Cons:  All the pressure poor Elinor put on herself to perform.

The Terrible Two by Mac Barnett and Jory John, illustrated by Kevin Cornell

Published by Harry N. Abrams

 Summary:  Miles is the new kid at school.  He’s hoping to establish himself as the best prankster there, a title he held in his last school.  His pranks keep backfiring, though, and he finally learns why: Niles, the apparently goody-two-shoes kiss-up kid is actually a prankster extraordinaire in disguise.  The two eventually put aside their differences and team up to become “The Terrible Two”, ultimately bringing their nemesis Principal Barkin to his knees.

Pros:  You can’t go wrong with a prankster, and two pranking geniuses are sure to be appreciated by the elementary school crowd.  Both Miles and Niles have their different charms, and humor abounds throughout the story.  Short chapters and plenty of illustrations will keep reluctant readers engaged.

Cons:  The whole slacker-kid-outwitting-the-adults thing has become practically its own genre, spawned by the wimpy kid.  It’s starting to seem a little tired.

The War That Saved My Life by Kimberly Brubaker Bradley

Published by Dial Books

Summary:  Ten-year-old Ada has spent her entire life in a one-room apartment, kept prisoner by her mother who is ashamed of Ada’s club foot.  When parents are ordered to evacuate their children to the country at the start of World War II, Ada sees her chance to escape and manages to get evacuated along with her younger brother, Jamie.  They are reluctantly taken in by Susan Smith, a woman who is dealing with her own grief and isolation and does not want any children in her home.  Slowly, though, the children and their guardian learn to live with each other, and Ada discovers the world around her that she has been locked out of all her life.  She assists during the Dunkirk evacuation, discovers a spy, and survives nightly air raids.  But her greatest test of courage comes when her mother reappears and demands to take the children back home.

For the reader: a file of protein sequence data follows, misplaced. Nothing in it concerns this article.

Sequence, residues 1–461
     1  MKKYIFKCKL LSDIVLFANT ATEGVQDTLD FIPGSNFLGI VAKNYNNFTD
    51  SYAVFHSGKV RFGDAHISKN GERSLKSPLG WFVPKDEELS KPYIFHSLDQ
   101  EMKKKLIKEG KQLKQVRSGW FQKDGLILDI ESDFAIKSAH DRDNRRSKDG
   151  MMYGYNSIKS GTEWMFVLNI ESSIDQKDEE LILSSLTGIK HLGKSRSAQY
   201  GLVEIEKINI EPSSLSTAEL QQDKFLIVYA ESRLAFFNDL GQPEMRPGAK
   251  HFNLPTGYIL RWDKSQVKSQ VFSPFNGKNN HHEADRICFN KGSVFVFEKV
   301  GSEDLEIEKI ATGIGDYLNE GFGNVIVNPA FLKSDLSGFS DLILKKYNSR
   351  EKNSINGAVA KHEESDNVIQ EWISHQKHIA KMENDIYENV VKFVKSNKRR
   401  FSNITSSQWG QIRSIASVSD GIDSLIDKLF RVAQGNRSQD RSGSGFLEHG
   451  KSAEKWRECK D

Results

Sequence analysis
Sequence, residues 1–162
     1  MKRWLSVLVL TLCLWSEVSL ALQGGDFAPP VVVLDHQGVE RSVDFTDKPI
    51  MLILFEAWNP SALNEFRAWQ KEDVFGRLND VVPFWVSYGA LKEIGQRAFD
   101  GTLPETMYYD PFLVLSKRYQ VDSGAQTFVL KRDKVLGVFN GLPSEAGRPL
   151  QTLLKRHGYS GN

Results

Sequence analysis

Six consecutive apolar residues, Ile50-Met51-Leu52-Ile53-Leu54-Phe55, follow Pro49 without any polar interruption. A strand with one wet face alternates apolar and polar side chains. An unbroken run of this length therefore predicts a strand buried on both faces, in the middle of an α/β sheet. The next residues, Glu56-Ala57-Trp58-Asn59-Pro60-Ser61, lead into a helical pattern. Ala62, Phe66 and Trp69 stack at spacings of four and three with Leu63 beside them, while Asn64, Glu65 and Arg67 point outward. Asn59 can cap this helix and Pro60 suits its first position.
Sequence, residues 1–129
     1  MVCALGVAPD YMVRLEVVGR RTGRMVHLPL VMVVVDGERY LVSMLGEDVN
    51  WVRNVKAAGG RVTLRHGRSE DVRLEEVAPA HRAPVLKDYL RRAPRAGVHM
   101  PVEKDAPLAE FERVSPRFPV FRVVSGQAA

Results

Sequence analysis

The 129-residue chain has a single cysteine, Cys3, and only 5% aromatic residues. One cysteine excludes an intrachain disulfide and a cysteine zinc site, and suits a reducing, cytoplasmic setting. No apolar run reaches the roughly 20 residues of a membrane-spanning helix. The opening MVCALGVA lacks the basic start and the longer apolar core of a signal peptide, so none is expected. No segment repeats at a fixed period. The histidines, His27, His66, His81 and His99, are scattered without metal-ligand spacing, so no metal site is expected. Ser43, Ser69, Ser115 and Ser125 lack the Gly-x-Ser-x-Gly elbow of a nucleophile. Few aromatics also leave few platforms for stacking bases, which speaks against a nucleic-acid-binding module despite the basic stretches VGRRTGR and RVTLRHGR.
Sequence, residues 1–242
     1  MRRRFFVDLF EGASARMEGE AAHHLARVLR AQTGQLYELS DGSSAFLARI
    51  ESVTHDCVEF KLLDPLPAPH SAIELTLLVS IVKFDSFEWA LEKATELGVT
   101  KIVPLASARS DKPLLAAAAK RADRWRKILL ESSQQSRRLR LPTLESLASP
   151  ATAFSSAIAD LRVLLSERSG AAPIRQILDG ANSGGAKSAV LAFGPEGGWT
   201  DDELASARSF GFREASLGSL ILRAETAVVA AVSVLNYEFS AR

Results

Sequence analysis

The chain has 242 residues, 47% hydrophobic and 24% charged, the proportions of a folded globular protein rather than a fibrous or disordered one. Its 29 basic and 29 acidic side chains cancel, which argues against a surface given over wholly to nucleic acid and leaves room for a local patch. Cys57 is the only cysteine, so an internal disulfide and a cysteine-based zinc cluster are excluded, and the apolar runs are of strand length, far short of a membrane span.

Pros:  I got this book right before two snow days.  Thank goodness, because I could not put it down.  Ada, Susan, and Jamie are fabulous multi-dimensional characters.  The author does not whitewash their lives or their reactions to events, which only makes them more endearing.  Compelling historical fiction for fourth and fifth graders.

Cons:  There didn’t seem to me to be adequate explanation as to why the children’s mother was so horrible.  True, she was poor, uneducated, and apparently coerced into having children by a husband who then died, but it was hard for me to get a handle on why she was so hateful.

The Bear Ate Your Sandwich by Julia Sarcone-Roach

Published by Knopf Books for Young Readers

Summary:  A bear finds a pick-up truck filled with berries, eats them all, then promptly falls asleep.  He wakes up in the city, where he smells interesting smells, finds fun places to climb and play, and eventually discovers a sandwich that he eats.  Caught in the act by a pack of dogs, he runs away, finds a boat, and makes the trip back to his forest home.  On the last page, the reader discovers who has been telling the story, throwing an element of doubt into the whole tale.

Pros:  Kindergarteners and first graders would love this story.  When you find out who is telling the story at the end, this could become a good example of persuasive writing.

Cons:  The illustrations were colorful and fun, but a little blurry for my middle-aged eyes.

A Wonderful Year by Nick Bruel

Published by Roaring Brook Press

Summary:  A nameless girl has an adventure in every season.  On a snowy day in “Winter Wear”, she takes so long to bundle up, that the snow has melted by the time she gets outside.  “Spring Splendor” includes a song and dance by the girl and her dog; they even find a way to include their grumpy sleeping cat.  In “Summer Sidewalks”, the girl’s hippo friend finds an innovative way to cool her off that involves a trip to the freezer.  Finally, in “Fall Foliage”, the girl tells the story of changing leaves to her tree friend.

Pros:  Nick Bruel has many fans from his “Bad Kitty” series, and they are sure to add this book to their list of favorites.  The cartoon illustrations are bright and playful, and there is a terrific cast of characters.  Kids will laugh out loud at the talking can of beans and spitting hippo.

Cons:  The four-panel layout on some of the pages make the pictures a little small for group read-alouds.